I try to understand why according to my notes from some lecture the following equality is satisfied

$$ \mathcal{L}\left[ {\exp\left(\int_0^t ds \frac{\dot{x}(s)}{x(s)} \right)} \right] =\frac{1}{u-\frac{\mathcal{L}\left[\dot{x}\right](u)}{\mathcal{L}[x](u)}}, $$

where $\mathcal{L}[\cdot]$ denotes Laplace transform. Is this equation fulfilled for all $x(t)$, and how one can derive it?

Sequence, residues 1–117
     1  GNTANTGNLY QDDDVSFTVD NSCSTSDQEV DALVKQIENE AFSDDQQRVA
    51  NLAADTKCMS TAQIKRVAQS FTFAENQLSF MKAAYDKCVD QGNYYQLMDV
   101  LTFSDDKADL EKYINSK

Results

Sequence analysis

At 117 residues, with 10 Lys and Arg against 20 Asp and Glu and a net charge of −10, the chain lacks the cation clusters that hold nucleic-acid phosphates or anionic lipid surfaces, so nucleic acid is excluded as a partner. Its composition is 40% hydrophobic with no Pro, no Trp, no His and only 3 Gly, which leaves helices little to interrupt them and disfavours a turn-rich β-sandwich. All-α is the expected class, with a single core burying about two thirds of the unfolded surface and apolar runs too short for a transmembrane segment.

1 Answer 1


The key point is to note, that

$\frac{d}{dt} \ln x(t)= \frac{\dot{x}(t)}{x(t)}$,


$ \exp(\int\limits_0^t ds \frac{\dot{x}(s)}{x(s)})=\exp(\int\limits_0^t ds \frac{d}{ds} \ln x(s))=\frac{x(t)}{x(0)}$.

The rest can be obtained by using the formula for the Laplace Transform of the derivative.


Your Answer

By clicking “Post Your Answer”, you agree to our terms of service, privacy policy and cookie policy

Not the answer you're looking for? Browse other questions tagged or ask your own question.